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John McEnroe confident Murray can add Grand Slams

John McEnroe, who has agreed to play at Raeburn Place in June, retains a competitive edge. Picture: Getty

John McEnroe, who has agreed to play at Raeburn Place in June, retains a competitive edge. Picture: Getty

  • by STUART BATHGATE
 

Andy Murray should win another Grand Slam this year after breaking his duck at the 2012 US Open, John McEnroe believes. And the American thinks that victory at Wimbledon, where no British man has won since 1936, is a distinct possibility for the Scot.

“The expectation would be for him to follow up and at least win another one this year,” McEnroe said yesterday after being unveiled as the first confirmed participant in the Brodies Champions of Tennis event, to be held at Raeburn Place in Edinburgh in June. “That’s the thing once you get one under your belt – presumably there’s less pressure than there was originally.

“He seems supremely fit, it looks to me that he’s coming to his prime and, mentally, he’s tougher than ever. And dare I say, Ivan Lendl [Murray’s coach] has done a very solid job with him. So when you put all that into the equation, it would be surprising if he were not to win at least a few more.

“He’s got some obstacles, [Novak] Djokovic being the most obvious one. And hopefully [Rafael] Nadal will be back – it looks like he’s coming back and playing like he’s capable of, and that would be great for tennis.

“Then somebody could come along that we haven’t seen yet and fill that void. Everyone’s waiting for the next guy.”

Nadal will be a hot favourite to win the French Open in May, provided he continues his comeback from injury, but McEnroe believes that, when the tour switches from the clay of Paris to the grass of Wimbledon, Murray can triumph. “Of course he can. These next couple of years are going to be the best years of his career in all likelihood.

“Winning a major has taken some of the pressure off. It’s not going to be as intense as it was. People are still going to be scrutinising his every move but, because he’s already won one, to me people won’t be as quick to go after him and knock him if he doesn’t do it. Clearly for him and a lot of other people, he feels like he’s got to win one of those in the next couple of years.”

Asked which player from his own era Murray most reminded him of, McEnroe did not take long to come up with an answer which many observers would agree with. “He reminds me of myself. Obviously he’s way fitter than I was and he works out extremely hard.

“But, of the players I remember from the past, in terms of his movement and style of play – hard-hitting, soft touch, great feel for the ball – I would say that he’s most like myself. Hopefully he’ll take that as a compliment.”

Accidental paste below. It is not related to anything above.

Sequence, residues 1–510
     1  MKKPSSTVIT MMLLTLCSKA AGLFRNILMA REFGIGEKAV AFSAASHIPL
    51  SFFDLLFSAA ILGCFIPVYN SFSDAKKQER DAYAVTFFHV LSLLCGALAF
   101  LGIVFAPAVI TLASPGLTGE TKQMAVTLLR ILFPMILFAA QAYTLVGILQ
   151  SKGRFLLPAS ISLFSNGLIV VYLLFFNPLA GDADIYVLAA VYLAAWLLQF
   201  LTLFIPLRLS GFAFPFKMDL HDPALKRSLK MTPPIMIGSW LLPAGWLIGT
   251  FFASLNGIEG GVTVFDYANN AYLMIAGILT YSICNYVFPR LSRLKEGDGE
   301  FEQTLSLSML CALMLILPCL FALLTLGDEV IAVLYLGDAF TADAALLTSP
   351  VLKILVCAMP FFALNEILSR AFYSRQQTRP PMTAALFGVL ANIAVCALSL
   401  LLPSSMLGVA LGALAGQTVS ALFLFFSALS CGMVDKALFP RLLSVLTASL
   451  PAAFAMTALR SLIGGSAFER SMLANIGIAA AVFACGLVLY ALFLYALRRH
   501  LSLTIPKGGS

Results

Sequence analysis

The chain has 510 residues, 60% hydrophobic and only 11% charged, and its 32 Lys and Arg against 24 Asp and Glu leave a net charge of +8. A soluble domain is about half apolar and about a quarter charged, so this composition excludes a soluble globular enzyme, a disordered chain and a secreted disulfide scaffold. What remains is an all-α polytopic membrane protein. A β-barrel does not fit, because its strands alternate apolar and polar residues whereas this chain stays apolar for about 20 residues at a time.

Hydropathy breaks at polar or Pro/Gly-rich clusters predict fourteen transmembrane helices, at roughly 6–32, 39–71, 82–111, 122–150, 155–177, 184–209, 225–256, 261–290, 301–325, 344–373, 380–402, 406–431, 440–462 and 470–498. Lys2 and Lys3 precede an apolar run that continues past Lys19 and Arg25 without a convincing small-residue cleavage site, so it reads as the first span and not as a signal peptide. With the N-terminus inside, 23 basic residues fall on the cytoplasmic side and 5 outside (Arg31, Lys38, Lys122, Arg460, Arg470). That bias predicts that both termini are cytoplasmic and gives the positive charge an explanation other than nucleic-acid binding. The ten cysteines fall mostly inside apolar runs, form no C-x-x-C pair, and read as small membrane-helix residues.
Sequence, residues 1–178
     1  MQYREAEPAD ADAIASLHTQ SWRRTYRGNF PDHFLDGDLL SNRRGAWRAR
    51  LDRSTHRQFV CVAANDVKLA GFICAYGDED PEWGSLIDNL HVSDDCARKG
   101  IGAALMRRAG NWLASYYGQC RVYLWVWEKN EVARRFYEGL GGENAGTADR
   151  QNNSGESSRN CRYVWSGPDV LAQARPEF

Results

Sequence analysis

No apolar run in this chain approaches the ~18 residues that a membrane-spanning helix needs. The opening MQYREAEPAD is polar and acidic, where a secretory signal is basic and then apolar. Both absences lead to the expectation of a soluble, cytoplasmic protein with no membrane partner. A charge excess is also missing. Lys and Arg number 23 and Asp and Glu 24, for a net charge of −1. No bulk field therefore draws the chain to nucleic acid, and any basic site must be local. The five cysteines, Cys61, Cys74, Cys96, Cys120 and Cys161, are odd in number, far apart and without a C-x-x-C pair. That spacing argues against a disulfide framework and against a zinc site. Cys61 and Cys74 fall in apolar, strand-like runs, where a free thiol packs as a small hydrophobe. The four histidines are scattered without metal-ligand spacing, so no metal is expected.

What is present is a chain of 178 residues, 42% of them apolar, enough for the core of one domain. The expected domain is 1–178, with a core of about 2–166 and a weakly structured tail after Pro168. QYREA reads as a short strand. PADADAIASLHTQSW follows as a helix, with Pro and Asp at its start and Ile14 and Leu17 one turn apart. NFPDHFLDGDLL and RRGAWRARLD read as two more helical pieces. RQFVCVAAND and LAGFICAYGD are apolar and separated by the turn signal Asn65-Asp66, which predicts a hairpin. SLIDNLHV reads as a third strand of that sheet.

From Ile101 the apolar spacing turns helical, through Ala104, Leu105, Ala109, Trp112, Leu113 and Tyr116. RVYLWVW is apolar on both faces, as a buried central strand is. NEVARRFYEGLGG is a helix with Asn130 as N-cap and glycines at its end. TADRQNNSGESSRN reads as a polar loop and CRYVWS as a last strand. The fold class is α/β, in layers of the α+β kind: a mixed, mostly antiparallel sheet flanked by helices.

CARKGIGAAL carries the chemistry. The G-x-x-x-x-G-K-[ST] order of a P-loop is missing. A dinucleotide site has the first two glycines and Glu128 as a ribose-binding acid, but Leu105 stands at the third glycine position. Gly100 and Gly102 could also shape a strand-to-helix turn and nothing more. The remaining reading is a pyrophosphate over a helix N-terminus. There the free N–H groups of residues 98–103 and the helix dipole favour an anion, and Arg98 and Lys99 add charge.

The Brodies Champions of Tennis tournament will see ten veterans compete at a specially constructed arena at the Edinburgh Accies rugby ground over four days from 20-23 June. Eight of the ten will be regular competitors on the global tour for seniors, with the other two expected to be British wildcards.

With many former Grand Slam winners among those who take part on the seniors tour, spectators at the specially constructed 2,500-capacity venue can expect some world-class sport. The competitors may not be at quite the peak of fitness they enjoyed in their prime, but McEnroe believes the greater enjoyment they derive from the game makes up for that.

“I would say that people would be pleasantly surprised that it’s still serious, but it would not be as serious as when Jimmy Connors and I were going at it in the 80s in Wimbledon and US Open finals,” he said. “We go out there and have pride in what we’re doing. We want to put on a show so people feel like they’ve been entertained, but we also want to show people we can still play. I enjoy it more in certain ways.

“When you’re dying to win Wimbledon it’s a pressure cooker. There’s something about that that’s incomparable.

“But now I do enjoy myself more out there. It’s like a second chance. A lot of people don’t get second chances in life to continue to do something they love to do.”

This will be McEnroe’s first visit to Scotland since 1989, when he played Jimmy Connors at Craiglockhart. More announcements will follow over the coming weeks as other players are confirmed. Leading law firm Brodies have been confirmed as title sponsors, and tickets are on sale now. See www.championsoftennis.com for more details.

 

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